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I Used to be a Cisterns Analyst

Sunrise, Swim, Turtle, School and Repair the Lavatory, Malawi 24 January 1996
Our fourteenth day in Malawi, this follows on from Florence Nightingale Wasn’t a Nun. We rise at dawn on Lake Malawi. We breakfast on nsima. We visit a school and are tapped for aid, we swim in the lake some more, and get home to find that the lavatory is broken.
We had been encouraged to get up at 4am to see the sun rise over Lake Malawi, so we did. Very pretty, reds and oranges and pinks and purples. There’s something in the lake. An animal, or a log? Must be an animal. Not a croc, not a hippo. A snake? Looks more like a dolphin, too fat for a snake. And then we see it. A turtle. There are turtles in Lake Malawi.
Back to bed for a kip and then a swim in the lake before breakfast, with fishes around our legs.
For breakfast, we try nsima, which is a thin, watery maize porridge. Looks like semolina pudding, tastes of nothing at all.
Malawians live on nsima. They could surely do something more interesting with it than mix it to a paste with water. But they are poor people, and as we know from our hoteliering, poor people like ‘plain food’. Perhaps the solution for Malawi is the same as it is for Cumbria: improve the diet. Probably just as much a hot potato here as it is there.
After breakfast we drive to Bandawe. John and Gillian have 1,000 pencils that they want to give to the school which uses the old Livingstonia church as a base.
The Chichewa Lesson.
Pay Attention at the Back There!
Waiting to be tellt. It did not occur to us at the time, but it seems there are only boys in these lessons, no girls. Whether this was general or whether this was a boys only day we should have asked.
We see classes in progress. In one corner of the room a teacher is holding a Chichewa lesson. In another corner sits a group of children doing nothing. They are waiting their turn with the teacher.
The head of the school comes to see us and shows us round. Choruses in unison of: ‘Good morning, how are you. I’m very well thank you, how are you?’.
The head announces that we have brought pencils and that if the children behave themselves they will be given a pencil. The class applauds in unison. He then tells the class that he hopes these visitors will come again, but next time bring desks, for they badly need desks. The class applauds again. A lesson in international aid.
Outside the class children approach us saying: ‘give me kwatchas’.
We walk down to the graves of the missionaries, who died trying to operate the mission at the turn of the 19th-20th century.
The head teacher catches us on the way back, asks for a donation, which we give, and then for a film for his camera. We give him a film, so he asks for another. Tough luck, mate.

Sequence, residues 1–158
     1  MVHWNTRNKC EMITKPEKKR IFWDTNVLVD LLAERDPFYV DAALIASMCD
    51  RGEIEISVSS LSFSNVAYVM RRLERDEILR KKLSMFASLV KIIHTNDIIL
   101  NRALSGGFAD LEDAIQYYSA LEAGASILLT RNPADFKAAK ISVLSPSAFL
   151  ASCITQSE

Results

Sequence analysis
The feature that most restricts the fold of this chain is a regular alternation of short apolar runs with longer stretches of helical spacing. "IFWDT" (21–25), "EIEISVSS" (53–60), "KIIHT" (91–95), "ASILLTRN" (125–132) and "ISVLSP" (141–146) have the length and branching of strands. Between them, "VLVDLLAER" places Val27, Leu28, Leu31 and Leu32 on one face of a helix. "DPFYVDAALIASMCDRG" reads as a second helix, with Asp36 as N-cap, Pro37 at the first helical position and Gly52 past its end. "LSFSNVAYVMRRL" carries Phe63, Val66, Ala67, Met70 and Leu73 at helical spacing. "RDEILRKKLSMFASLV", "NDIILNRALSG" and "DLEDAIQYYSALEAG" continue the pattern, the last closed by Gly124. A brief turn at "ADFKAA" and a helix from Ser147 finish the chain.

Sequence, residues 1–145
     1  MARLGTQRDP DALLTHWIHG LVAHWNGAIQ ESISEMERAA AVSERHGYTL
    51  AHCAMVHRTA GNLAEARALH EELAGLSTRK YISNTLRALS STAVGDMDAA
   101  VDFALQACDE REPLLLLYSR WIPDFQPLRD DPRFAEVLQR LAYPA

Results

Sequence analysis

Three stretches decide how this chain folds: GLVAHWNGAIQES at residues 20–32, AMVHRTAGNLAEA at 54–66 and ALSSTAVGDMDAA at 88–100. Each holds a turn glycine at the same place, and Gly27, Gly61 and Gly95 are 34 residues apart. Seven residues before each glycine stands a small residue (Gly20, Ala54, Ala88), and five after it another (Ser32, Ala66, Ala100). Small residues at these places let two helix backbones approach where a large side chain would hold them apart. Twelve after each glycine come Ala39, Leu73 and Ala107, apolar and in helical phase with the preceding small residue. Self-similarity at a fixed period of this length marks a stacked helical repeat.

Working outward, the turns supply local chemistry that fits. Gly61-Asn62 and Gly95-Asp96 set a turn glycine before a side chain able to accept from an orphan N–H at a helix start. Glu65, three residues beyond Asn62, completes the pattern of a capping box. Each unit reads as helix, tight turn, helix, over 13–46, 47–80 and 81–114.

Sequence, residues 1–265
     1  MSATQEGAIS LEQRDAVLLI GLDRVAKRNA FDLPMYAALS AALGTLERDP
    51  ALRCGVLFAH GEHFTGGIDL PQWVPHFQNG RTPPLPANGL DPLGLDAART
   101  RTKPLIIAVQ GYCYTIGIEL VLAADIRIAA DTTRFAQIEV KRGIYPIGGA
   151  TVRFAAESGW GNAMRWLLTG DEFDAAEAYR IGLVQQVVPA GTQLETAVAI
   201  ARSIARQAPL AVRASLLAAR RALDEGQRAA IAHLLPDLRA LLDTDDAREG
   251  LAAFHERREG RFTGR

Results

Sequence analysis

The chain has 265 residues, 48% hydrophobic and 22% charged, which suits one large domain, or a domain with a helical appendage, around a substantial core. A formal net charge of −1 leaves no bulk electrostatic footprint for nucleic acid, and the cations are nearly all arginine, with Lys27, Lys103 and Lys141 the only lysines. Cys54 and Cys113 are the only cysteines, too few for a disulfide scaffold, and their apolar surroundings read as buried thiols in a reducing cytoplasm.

John is uncomfortable about the visit. Wishes we had hung onto those pencils that had been donated by a benefactor in Surrey.
We travel back to Sambani via a small beach where we meet an English beach-bum with feathers in his earrings.
Back to Sambani for a lunch of chicken curry. More swims and reading and writing under a thatched sunshade on the beach. Out on the lake, it looks like there is smoke rising. It looks like someone is setting fire to Mozambique. Lake flies. The clouds of flies move across the lake, ending up in the next bay to ours (fortunately), and causing a smoke-like mantle at the tops of the trees. In the sky are hundreds and hundreds of swallows. The flies do not affect us, though we can hardly see the next bay.
The lake flies are a feature of Lake Malawi, they suddenly appear for no evident reason and swarm in great clouds. We are told that the people net them in and eat them, for while one fly won’t make much of a meal, a large number pressed together in a cake can. We tried to see whether anyone was out there doing the collecting, but in the next bay we couldn’t see anything.
We drive back to Mzuzu through plantations of rubber, macadamia nuts and rice. The rice paddy-fields were set up by the Chinese Agricultural Mission. Now the Chinese have gone the fields look in pretty poor state.
At a village that has a band of bugle and three drums playing for the children to dance to, a man informs us that the bridge is down, so we have to turn back and go the way we came.
When we eventually get back to Rosewood, John and Gillian’s house (owned by Lady Roseveare) the lavatory cistern is broken. It’s not too badly broken and I am able to fix it quite quickly. At an attempt at an improvised joke that has just come to me, I say that it’s fortunate that I was here for I am well qualified to do this job, since I am a cisterns analyst. Lead Fart pompously announces that she has fixed the cistern already this week numerous times. Pomposity shielding how ignorant you are, or what?
The story continues with Shocking News.


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